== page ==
The Disconnect - Heart Of A Coward

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This is not a plate, that would in any way offend anyone. It is the same form as the last; if you know the band, you can recognize them with the same. Know you not the band, will not be able to tell the difference between them and all the other melocorebands out there. It is in no way The Disconnect, which gets me back to the corefolden, but I take my hat off for a lead singer that does not try to fake them, who went before him, but instead chooses to tread its own paths. I will not throw filth on neither the technique or abilities, but it just feels no matter. Are you a fan of the band and loren at the changes, then I can reassure you that the only thing new you will get here is the sound of the voice. The rest is, as it always has been, albeit more anonymously.

Kujonerne is back

Heart of a Coward are back with a new album after four-year hiatus and a change in their line up. It is always exciting when you are a fan of a band if the new singer can live up to the expectations, you now may feel deep in his cowardly heart, or whether it is essential for one's continued devotion. If you don't know the band very well, it is, therefore, solely a question of whether you prefer one or the other from an objective point of view. And after having listened and compared, I must say, that even though the new man behind the microphone, Kaan Tasan, do not stand back of its predecessor, so is the difference still noticeable in execution and variation.


My first impression is that the whole plate is pretty homogeneous. There is nothing that sticks out violently, and should I keep The Disconnect up against the Deliverance from 2015, so there is not much new to download. Good enough to open the "Drown in the Ruin" with a few nysmurte håndmadder fresh from the corefadet, but we must not longer than to the third number of the "Collapse", before it all begins to smell of it later Bring Me The Horizon. This is largely due to the clean vocals that come for the day here. In several places Tasan been compared with the former lead singer, and I can argue both for and against, on his bright vocals are more appropriate for the band's other expression. However, it is subordinate, for personally I think, that he promises the task. His singing voice is convincing and powerful without being intrusive, and he has the necessary clout to not to drown in the many technical riffs and the generally highly-charged energy that permeates this their fourth album.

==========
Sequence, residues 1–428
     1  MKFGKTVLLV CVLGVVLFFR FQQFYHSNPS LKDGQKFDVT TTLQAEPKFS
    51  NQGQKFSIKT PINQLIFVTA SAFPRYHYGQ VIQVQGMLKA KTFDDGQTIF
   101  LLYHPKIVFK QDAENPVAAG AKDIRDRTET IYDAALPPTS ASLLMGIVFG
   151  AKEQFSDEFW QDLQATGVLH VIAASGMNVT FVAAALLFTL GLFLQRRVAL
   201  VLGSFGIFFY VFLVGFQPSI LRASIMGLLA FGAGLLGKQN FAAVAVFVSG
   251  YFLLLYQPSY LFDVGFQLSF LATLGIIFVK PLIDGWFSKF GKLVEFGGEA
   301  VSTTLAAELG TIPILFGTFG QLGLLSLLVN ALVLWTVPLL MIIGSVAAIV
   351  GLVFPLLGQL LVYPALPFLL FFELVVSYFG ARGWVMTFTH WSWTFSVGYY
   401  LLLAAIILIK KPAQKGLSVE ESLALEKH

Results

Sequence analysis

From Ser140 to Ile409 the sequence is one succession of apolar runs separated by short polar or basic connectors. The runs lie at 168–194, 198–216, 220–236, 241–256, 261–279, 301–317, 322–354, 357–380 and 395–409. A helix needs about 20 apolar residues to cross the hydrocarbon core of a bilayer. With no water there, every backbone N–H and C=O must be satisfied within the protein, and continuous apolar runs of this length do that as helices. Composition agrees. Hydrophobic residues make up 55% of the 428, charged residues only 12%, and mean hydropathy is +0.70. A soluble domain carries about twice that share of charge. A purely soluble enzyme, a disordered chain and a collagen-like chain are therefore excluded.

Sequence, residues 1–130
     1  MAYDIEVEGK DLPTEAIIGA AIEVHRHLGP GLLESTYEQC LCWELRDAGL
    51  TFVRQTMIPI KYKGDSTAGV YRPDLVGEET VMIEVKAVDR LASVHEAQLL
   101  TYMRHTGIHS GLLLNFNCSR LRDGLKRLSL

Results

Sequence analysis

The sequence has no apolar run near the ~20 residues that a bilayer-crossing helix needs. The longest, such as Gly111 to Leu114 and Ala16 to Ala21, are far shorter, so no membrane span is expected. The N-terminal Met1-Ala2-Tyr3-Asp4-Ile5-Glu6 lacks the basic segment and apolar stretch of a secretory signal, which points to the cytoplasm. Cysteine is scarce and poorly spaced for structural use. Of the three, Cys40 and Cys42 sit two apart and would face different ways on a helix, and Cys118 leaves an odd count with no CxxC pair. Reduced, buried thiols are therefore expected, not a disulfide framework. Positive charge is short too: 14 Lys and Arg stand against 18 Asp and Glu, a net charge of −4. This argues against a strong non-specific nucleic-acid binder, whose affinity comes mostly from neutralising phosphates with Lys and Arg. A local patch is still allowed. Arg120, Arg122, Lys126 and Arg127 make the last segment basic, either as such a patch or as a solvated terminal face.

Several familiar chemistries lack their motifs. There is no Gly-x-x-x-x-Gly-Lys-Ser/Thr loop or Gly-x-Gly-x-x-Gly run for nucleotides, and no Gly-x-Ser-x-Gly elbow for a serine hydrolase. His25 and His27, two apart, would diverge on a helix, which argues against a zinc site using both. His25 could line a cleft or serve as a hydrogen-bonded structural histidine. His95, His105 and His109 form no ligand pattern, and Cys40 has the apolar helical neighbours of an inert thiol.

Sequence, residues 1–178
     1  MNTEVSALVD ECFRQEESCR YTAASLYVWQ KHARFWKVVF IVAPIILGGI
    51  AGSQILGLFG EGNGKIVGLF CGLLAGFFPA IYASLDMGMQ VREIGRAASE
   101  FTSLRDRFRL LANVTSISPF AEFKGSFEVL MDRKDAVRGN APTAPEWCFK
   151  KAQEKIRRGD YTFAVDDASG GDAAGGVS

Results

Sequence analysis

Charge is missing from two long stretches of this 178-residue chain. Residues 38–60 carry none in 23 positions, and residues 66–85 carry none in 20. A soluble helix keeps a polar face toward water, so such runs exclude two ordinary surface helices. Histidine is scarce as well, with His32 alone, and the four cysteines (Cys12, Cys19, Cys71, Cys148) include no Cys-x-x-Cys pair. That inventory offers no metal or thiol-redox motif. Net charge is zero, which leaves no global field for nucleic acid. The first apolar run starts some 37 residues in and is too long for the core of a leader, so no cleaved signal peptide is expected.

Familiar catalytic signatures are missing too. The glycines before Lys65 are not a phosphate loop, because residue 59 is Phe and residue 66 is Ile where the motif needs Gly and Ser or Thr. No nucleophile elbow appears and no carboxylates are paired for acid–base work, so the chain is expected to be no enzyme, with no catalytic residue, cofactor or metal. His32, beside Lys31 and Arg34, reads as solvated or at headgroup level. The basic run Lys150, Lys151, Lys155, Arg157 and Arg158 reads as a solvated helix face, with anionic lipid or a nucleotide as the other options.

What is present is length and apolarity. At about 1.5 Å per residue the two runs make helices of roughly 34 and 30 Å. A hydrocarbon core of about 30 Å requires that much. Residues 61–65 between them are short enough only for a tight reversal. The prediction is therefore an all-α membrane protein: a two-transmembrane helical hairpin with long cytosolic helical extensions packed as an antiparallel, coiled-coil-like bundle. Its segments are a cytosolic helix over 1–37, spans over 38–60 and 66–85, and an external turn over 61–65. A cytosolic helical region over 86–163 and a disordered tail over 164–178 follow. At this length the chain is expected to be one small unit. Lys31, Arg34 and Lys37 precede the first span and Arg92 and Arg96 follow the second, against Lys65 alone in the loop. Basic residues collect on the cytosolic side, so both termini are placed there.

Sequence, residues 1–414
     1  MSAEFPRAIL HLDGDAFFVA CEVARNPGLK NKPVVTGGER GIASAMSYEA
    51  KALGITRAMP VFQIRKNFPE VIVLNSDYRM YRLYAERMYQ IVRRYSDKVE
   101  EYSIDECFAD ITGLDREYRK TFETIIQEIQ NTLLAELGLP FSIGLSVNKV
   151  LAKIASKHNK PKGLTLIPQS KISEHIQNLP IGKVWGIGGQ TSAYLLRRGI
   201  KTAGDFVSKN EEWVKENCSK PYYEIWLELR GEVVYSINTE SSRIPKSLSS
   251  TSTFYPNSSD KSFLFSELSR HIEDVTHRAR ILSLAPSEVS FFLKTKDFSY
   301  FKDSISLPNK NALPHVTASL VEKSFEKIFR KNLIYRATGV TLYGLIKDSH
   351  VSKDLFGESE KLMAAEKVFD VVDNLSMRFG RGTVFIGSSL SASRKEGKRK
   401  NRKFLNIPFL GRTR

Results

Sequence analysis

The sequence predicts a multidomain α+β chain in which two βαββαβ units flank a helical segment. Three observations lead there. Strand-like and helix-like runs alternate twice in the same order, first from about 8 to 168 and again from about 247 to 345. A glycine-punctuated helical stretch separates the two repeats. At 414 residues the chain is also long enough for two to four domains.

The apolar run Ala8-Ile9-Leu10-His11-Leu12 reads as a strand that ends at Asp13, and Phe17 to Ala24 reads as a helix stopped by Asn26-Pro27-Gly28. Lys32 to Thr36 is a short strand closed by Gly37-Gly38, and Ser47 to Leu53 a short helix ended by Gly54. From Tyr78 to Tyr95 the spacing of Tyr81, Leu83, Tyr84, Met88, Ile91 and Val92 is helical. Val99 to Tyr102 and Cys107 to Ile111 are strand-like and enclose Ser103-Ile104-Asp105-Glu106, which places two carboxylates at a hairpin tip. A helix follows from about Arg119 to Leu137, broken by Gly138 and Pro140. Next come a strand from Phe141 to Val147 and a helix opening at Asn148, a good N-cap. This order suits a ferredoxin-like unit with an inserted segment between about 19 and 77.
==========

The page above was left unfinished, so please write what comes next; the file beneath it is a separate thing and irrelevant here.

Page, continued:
But already at the fourth number out of ten – on a disc that lasts a modest 37 minutes – I begin to bore me. Despite a good vocal, which offers both false chord song, mixed with classic core and music, which are adapted to the frontman, it becomes incredibly monotonous. I can no longer distinguish the numbers from each other, though you may feel that they really make an effort not to alienate their faithful fans. The Disconnect is generic and paints a boring picture of melocore as teeth chugging – however, with a manic octopus on the drums.

>> Check the songs and lyrics here